TORONTO — Jewish groups welcomed a decision by Queen’s Park sergeant-at-arms to refuse to issue a permit to the annual Al-Quds Day protest, traditionally held on the grounds outside the Ontario legislature building in Toronto
The legislature’s sergeant-at-arms, Dennis Clark, informed B’nai Brith Canada and the Centre for Jewish and Israel Affairs (CIJA) that this year’s permit was refused for reasons of “public safety.” The rally, marking the annual worldwide protest of Israel’s control of Jerusalem, was to take place on Saturday, Aug. 3.
In 2011, the CIJA videotaped the Al-Quds Day protest held on the legislature’s grounds. Speakers accused Israelis of being “racist,” “inhuman” and “barbarians” who “suck the resources and blood from people all around the world,” statements the CIJA said at the time was “reminiscent of historic anti-Semitism.”
One speaker referred to Israel as a cancer that must be killed. Footage also showed protesters displaying the image of the late Iranian supreme leader Ayatollah Khomeini, who created Al-Quds Day in 1979, and the flag of Hezbollah, which is banned in Canada as a terrorist organization.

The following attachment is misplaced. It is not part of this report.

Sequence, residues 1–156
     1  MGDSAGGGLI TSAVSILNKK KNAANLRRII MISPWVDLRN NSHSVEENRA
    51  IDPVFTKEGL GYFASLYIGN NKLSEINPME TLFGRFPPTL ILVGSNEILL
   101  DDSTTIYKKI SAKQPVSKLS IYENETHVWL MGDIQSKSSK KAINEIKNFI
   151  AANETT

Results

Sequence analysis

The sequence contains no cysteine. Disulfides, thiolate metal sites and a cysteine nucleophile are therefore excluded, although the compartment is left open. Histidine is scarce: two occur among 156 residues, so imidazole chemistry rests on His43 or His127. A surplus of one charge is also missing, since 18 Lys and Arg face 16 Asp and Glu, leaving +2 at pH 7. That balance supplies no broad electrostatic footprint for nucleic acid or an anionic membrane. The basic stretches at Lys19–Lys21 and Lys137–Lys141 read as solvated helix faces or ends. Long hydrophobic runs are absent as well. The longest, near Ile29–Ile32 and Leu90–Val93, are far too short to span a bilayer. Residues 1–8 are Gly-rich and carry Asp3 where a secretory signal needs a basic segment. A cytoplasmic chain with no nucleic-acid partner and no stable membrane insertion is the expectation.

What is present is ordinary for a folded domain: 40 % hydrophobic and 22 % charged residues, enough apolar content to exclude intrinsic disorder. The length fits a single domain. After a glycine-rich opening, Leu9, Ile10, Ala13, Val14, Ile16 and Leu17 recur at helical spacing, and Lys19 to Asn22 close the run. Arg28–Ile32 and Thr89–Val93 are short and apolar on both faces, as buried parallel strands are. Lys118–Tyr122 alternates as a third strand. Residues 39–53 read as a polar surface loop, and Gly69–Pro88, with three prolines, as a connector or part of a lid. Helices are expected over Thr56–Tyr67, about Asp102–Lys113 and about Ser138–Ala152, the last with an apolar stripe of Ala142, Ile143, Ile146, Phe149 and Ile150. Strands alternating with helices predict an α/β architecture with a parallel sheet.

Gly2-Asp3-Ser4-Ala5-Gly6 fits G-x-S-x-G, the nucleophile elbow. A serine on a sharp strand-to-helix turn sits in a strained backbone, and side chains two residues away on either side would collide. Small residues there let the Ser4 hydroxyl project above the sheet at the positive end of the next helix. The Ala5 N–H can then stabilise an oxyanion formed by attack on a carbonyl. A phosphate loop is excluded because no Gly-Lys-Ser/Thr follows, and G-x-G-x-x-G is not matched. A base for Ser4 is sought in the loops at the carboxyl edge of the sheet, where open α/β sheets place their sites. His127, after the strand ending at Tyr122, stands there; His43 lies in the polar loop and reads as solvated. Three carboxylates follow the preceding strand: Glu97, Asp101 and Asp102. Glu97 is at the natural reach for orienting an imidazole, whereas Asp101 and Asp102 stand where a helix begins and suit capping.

CIJA provided the video to Clark, and over the past two years, was in regular contact with him to ensure that the legislature’s grounds “are not abused as a venue to showcase such vile rhetoric.”
B’nai B’rith said it had raised the same concerns with Clark and House Speaker Dave Levac earlier this week.
“This rally must be seen for what it truly is,” said Frank Dimant, CEO of B’nai Brith Canada, “an Iranian-sponsored hatefest used for the express purpose of blaming Jews worldwide for problems across the globe.”
Shimon Fogel, CEO of CIJA, also applauded the move but cautioned that organizers of Al-Quds Day may reject the ruling and proceed without authorization.
“In light of this possibility, we ask that the legislature take appropriate measures this weekend to uphold its decision,” he said this week.